Locations for approximately 2,800 other mines were too vague or too generalized to be useful. The exact number of these mines is difficult to determine because the records usually consist only of a mine name, a post office address, and a supervisor's name. It was difficult to determine if slight variations in mine names or supervisors' names indicated different sites or merely differences in the way the information was recorded for a single site. In addition to enabling sites to be mapped, precise location data would have helped resolve many conflicts in the identities of mine sites.

The area of underground mines having known geographic extents totalled 71,900 acres or 112 square miles. The bulk of this undermined territory is concentrated in four southern and two central Iowa counties (see map above). These six counties contain 82.4 percent of the documented undermined area in Iowa and 74.6 percent of the mines with documented extents. Distribution of affected areas within these counties is uneven as well. For example, Liberty Township in southeastern Marion County is extensively undermined. This area is further complicated by the occurrence of two to three mineable coal seams in vertical succession. Multiple levels of mining occur in several locations and are particularly common where a surface mine overlies an underground mine. Although the largest total acreage of undermined land is in Monroe County, where over six percent of the county is affected (15,631 acres), most of the mined area in Polk County (14,914 acres) underlies the city of Des Moines and surrounding communities.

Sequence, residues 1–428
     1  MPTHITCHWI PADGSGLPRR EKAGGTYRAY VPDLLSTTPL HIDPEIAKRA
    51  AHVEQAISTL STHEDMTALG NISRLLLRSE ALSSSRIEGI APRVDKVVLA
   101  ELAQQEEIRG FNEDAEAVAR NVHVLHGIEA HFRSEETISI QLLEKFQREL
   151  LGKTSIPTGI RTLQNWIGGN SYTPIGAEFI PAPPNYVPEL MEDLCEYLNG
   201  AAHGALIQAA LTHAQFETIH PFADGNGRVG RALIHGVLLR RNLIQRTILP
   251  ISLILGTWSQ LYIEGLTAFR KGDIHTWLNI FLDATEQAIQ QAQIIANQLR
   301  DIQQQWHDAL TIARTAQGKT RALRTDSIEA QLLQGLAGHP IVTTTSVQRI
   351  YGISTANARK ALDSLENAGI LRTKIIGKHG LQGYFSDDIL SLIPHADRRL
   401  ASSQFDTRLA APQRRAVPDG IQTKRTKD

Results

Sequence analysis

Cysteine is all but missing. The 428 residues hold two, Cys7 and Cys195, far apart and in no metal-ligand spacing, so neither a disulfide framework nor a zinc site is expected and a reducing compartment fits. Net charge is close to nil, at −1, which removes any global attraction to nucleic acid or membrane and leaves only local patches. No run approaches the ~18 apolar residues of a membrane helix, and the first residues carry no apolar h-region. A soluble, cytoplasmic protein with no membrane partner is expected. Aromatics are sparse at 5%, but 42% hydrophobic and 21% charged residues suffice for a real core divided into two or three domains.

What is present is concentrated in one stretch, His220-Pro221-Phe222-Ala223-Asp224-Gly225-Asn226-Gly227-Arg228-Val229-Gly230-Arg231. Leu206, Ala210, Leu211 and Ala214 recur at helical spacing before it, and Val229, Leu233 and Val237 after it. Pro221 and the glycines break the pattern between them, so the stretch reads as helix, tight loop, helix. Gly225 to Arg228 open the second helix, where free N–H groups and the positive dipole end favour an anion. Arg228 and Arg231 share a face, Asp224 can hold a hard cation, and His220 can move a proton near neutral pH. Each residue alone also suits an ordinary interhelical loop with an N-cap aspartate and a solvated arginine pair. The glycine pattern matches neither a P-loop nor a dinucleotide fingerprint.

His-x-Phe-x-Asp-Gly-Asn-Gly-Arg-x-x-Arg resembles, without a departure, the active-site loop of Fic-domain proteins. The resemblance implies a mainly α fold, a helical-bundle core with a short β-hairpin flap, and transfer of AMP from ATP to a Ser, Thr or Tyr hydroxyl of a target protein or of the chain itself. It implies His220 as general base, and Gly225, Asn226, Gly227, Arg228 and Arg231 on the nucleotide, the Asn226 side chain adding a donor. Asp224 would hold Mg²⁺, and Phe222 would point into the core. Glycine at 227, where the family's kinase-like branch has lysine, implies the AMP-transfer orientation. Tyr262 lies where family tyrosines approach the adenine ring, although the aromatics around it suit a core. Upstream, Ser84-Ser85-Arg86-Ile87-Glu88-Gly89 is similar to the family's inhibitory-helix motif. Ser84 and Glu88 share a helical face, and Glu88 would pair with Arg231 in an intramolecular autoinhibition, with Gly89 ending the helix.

Although the evidence of past underground mining is often difficult to detect, abandoned mines continue to impact the environment and the future in various ways. Undermining makes the land surface unstable. Subsidence (sinking or collapse) of the land surface has occurred over abandoned underground mines in Iowa, and this process can be expected to continue. The phenomenon has been particularly troublesome in urban areas where repairs to subsidence-damaged buildings can be difficult and expensive. In addition, acid drainage seeping from underground mines has adversely affected agricultural land downslope from mined sites, both by its toxic effects and by keeping the land too wet to cultivate. Underground mines which adjoin or underlie surface mines also have complicated strip-mine reclamation projects by making slopes and highwalls unstable and causing persistent drainage problems. Finally, any future development of coal resources in Iowa will be directly impacted by past mining which may have removed part of the targeted resource and may complicate the operation of new mines.

 

Adapted from Iowa Geology 1991, No. 16, Iowa Department of Natural Resources